Japan's Mitsubishi Corp is confident that the three offshore wind farms it won last year in auctions will be profitable despite the low feed-in tariff prices it bid, the head of its energy solutions unit said on Thursday.
The Japanese government on Dec. 24 selected three consortiums, all led by Mitsubishi, as the operators of offshore wind farms in Akita, northern Japan, and Chiba, near Tokyo, with a total generation capacity of 1.7 gigawatts (GWs). Read full story
Mitsubishi's rivals were stunned by the low tariff prices the trading house's group had proposed - 11.99 yen ($0.1) per kilowatt-hour (kWh), 13.26 yen kWh, and 16.49 yen kWh - far below a ceiling price of 29 yen kWh.
But Yoshihiro Iwasaki, the chief executive of Mitsubishi Corporation Energy Solutions Ltd, said on Thursday: "We will be fine."
"We made our bids by accumulating all the costs from suppliers, after thinking out specifications and construction methods to trim expenses," he told Reuters on the sideline of the Smart Energy Week event.
"That was after we had examined all the risk factors and made thorough discussions with our group's experts at home and abroad."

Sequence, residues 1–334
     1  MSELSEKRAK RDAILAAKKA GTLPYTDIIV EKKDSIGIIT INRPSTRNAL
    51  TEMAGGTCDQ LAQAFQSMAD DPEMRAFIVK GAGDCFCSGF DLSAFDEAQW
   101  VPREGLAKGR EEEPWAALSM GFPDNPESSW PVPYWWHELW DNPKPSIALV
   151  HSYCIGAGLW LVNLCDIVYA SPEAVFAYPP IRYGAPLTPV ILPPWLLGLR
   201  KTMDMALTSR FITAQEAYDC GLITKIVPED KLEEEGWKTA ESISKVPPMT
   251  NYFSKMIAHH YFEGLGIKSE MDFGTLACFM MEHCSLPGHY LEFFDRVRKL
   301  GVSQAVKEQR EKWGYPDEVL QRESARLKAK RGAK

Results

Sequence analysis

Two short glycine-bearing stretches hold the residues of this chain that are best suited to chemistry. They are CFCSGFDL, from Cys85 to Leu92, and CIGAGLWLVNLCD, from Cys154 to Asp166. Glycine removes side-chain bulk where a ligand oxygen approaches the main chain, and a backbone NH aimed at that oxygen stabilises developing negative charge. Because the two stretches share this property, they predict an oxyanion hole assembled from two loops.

One executive at an overseas wind power company, who declined to be identified due to sensitivity of the issue, predicted Mitsubishi will likely make losses following its success at the auction.
"The results sent a shockwave to the industry as their prices were so low," he said, speaking on the sidelines of the same event.
Asked whether Mitsubishi will make bids with similar or lower tariff prices in the future tenders, Iwasaki said it will depend on a project as each site has different conditions.
A number of global wind power companies such as Denmark's Orsted and Germany's RWE are keen to enter Japan's market. The government plans to install up to 10 GW of offshore wind capacity by 2030, and up to 45 GW by 2040.
($1 = 118.7500 yen)
(Reuters - Reporting by Yuka Obayashi; Editing by Jan Harvey)
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